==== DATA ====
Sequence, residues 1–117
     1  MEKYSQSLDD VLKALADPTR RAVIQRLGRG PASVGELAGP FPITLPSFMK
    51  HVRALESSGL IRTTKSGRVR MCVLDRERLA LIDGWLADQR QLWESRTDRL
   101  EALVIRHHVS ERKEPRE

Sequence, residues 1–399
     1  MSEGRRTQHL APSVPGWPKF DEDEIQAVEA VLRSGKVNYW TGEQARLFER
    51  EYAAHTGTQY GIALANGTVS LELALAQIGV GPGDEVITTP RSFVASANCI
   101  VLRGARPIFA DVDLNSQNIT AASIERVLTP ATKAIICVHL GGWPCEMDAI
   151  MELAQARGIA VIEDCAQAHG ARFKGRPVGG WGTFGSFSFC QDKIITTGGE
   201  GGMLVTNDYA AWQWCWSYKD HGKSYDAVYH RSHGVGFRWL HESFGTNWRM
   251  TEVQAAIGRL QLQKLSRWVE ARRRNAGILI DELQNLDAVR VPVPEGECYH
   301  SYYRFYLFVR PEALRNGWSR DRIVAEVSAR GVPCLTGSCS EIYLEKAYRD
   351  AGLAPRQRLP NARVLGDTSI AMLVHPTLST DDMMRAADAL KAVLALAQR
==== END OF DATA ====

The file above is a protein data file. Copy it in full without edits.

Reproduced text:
Sequence, residues 1–117
     1  MEKYSQSLDD VLKALADPTR RAVIQRLGRG PASVGELAGP FPITLPSFMK
    51  HVRALESSGL IRTTKSGRVR MCVLDRERLA LIDGWLADQR QLWESRTDRL
   101  EALVIRHHVS ERKEPRE

Sequence, residues 1–399
     1  MSEGRRTQHL APSVPGWPKF DEDEIQAVEA VLRSGKVNYW TGEQARLFER
    51  EYAAHTGTQY GIALANGTVS LELALAQIGV GPGDEVITTP RSFVASANCI
   101  VLRGARPIFA DVDLNSQNIT AASIERVLTP ATKAIICVHL GGWPCEMDAI
   151  MELAQARGIA VIEDCAQAHG ARFKGRPVGG WGTFGSFSFC QDKIITTGGE
   201  GGMLVTNDYA AWQWCWSYKD HGKSYDAVYH RSHGVGFRWL HESFGTNWRM
   251  TEVQAAIGRL QLQKLSRWVE ARRRNAGILI DELQNLDAVR VPVPEGECYH
   301  SYYRFYLFVR PEALRNGWSR DRIVAEVSAR GVPCLTGSCS EIYLEKAYRD
   351  AGLAPRQRLP NARVLGDTSI AMLVHPTLST DDMMRAADAL KAVLALAQR